Auto and Road User Journal
Auto and Road User Journal
March 6, 1998
TranSafety, Inc.
(U.S. and Canada)
(360) 683-6276
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Analysis of Ejection in Fatal Crashes

(This information is reproduced from Research Note: Analysis of Ejection in Fatal Crashes published in November 1997 by the National Center for Statistics & Analysis--Research and Development, a division of the U.S. Department of Transportation's National Highway Traffic Safety Administration.)

While the safety belt use rate among fatally injured motor vehicle occupants has increased from 2.7 percent in 1982 to 35.8 percent in 1996, there has been only a slight decline in the occupant ejection rate during the same period. The fraction of totally ejected fatalities was about 23 percent in 1982, and it was about 21 percent in 1996.

Because safety belt use largely eliminates the possibility of ejection in a crash, the fact that the ejection problem does not appear to have diminished, in spite of the increase in safety belt use, must be explained by ejections in the population of motor vehicle occupants who remain unbelted.

Focusing on the unbelted individuals, the analysis finds that their ejection rate has increased from 25 percent to about 33 percent during the period 1982 to 1996. The main factor contributing to ejection among the unbelted individuals is the occurrence of rollover during the crash, which increases the odds of ejection over five times. The average fraction ejected in rollover crashes is 51 percent compared with the ejection rate of 11 percent in fatal crashes not involving rollover.

Another factor that the analysis found to be strongly associated with ejection, particularly in rollover crashes, is the speed of the vehicle prior to the crash. The average police-reported speed in fatal crashes for the unbelted population has increased from about 50 mph in the early 1980's to almost 55 mph in 1996, while it has remained between 46 and 47 mph for the belted population. This provides further evidence that unbelted individuals are involved in more severe crashes.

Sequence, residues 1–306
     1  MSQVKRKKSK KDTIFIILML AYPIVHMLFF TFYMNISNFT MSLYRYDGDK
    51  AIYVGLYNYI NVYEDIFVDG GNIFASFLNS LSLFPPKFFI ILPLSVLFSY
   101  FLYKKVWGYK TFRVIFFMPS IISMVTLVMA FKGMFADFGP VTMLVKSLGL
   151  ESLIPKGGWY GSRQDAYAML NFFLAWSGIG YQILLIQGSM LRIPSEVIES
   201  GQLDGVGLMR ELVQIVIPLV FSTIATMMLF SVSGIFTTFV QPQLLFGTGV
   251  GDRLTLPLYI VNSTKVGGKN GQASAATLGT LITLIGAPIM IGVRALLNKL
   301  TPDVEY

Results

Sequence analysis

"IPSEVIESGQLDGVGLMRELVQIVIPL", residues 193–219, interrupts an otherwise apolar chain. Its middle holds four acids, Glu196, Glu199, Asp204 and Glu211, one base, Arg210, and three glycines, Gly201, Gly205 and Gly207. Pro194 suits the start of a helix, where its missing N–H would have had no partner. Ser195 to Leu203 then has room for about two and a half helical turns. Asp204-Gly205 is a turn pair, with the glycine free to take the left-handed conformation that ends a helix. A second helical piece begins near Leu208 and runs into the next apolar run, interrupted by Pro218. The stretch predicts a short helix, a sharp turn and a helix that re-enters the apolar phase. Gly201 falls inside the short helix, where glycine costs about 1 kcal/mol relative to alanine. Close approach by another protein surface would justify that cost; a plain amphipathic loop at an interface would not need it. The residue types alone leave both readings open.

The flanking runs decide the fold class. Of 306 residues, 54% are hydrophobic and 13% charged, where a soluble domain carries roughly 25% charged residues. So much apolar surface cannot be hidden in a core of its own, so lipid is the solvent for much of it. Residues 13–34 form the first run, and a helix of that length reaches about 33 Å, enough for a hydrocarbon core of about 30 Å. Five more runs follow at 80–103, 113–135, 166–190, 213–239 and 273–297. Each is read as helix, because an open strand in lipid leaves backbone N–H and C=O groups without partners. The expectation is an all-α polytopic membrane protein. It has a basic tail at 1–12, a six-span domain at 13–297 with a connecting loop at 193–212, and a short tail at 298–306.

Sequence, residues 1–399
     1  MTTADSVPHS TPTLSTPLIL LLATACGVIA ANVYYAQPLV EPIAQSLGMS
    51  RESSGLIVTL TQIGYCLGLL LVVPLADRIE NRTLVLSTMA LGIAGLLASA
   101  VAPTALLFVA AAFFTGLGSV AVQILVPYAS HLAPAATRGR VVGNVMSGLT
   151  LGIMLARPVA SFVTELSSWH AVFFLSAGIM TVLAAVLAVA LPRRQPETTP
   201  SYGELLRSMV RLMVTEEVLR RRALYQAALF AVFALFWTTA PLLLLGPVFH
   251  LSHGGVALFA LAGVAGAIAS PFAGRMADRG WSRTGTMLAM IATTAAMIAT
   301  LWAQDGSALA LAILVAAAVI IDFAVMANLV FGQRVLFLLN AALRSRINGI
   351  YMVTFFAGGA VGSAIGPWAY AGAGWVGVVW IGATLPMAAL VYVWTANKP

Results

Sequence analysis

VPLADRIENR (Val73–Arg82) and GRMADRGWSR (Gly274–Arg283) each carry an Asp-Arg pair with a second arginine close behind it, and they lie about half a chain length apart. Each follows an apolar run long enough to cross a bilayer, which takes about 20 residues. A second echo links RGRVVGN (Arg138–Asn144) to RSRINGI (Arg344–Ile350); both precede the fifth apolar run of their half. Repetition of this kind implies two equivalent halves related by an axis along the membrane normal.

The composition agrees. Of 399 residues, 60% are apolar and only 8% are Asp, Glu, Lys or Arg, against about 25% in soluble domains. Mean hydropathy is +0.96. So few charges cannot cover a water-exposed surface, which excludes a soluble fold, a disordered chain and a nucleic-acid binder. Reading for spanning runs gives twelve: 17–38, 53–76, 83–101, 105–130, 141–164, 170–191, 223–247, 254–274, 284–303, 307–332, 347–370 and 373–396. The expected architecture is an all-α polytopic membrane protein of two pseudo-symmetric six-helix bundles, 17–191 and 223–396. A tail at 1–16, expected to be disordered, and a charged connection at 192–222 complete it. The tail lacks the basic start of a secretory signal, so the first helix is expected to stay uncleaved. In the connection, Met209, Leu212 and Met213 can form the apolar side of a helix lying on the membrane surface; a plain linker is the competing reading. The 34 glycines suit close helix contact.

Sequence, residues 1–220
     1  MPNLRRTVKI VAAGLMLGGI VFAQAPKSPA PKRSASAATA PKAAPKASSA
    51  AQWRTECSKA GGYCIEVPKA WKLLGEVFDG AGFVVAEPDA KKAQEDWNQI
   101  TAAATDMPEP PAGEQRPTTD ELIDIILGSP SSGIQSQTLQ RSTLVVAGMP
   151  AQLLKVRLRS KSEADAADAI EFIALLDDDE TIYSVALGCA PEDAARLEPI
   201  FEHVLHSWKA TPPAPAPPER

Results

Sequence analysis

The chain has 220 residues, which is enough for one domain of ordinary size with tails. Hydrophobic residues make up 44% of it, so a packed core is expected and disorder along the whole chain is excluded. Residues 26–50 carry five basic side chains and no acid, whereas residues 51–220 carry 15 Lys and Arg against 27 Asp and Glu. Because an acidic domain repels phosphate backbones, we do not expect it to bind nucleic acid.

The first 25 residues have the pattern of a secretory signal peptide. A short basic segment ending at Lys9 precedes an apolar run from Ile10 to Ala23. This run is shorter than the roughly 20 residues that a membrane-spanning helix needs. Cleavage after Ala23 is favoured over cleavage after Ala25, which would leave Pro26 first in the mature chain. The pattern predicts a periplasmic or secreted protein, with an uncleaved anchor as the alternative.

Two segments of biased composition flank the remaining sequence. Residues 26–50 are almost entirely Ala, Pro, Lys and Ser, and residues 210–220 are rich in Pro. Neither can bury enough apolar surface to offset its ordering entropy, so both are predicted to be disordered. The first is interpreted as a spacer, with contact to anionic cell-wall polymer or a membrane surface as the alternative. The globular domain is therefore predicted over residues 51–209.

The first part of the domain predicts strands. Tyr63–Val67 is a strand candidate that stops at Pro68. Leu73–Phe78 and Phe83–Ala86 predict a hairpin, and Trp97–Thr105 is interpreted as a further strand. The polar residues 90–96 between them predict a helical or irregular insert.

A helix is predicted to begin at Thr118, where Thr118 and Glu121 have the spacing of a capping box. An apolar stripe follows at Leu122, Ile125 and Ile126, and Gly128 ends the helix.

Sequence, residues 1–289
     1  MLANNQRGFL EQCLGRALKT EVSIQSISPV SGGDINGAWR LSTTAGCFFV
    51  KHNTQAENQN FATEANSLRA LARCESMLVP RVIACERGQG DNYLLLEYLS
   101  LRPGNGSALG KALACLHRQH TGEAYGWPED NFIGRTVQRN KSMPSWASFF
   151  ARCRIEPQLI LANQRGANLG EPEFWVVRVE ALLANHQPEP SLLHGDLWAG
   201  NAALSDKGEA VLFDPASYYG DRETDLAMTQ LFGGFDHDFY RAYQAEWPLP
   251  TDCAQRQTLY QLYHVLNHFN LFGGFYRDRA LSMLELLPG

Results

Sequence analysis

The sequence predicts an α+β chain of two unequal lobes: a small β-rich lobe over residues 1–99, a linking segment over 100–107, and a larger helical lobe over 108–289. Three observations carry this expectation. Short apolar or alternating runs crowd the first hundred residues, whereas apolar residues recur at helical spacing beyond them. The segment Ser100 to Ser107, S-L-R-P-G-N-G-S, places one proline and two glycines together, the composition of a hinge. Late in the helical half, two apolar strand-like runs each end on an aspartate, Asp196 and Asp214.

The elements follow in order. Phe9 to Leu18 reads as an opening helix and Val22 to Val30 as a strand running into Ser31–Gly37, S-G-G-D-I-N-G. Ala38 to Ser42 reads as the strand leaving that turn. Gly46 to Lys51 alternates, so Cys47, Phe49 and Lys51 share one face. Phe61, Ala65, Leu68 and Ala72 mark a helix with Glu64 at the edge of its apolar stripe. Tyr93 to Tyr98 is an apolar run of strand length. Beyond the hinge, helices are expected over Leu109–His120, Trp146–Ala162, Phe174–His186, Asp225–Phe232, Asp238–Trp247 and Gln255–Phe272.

This estimate of the relative odds of ejection is adjusted for such factors as safety belt use and the occurrence of rollover, which leads to the conjecture that it is due to an intrinsic difference in the dynamics of being involved in a crash in a light truck compared to a crash in passenger car. Since the fraction of light trucks involved in fatal crashes has increased from about 21 percent in the early 1980's to about 31 percent in 1996, this factor also contributes to explaining the increased prevalence of ejection.

Finally, the driver's age was found to be an important predictor of the probability of ejection. Younger drivers are more likely to be involved in ejection crashes. The average age of unbelted individuals in fatal crashes is about 35 compared with the average age of about 45 for the belted individuals.

In spite of the general increase in the average age of fatally injured individuals, the average driver age in rollover and ejection crashes has grown very little from 1982 to 1996.

This analysis leads to the conclusion that the increase in the prevalence of ejection among the unbelted individuals in fatal crashes during the 1980's and 1990's can be explained by the increased severity of crashes in that population, as evidenced by the increase in the rollover rate and speed, together with the increase in the presence of light trucks in those crashes and the young age of drivers involved.

The unbelted population consists of individuals who remained unbelted in spite of the enactment of safety belt use laws and public information and education campaigns. This analysis shows that they are the population more likely to be involved in the type of crashes which result in ejection when safety belts are not used compared with the population of individuals who started using safety belts during the 1980's and 1990's.

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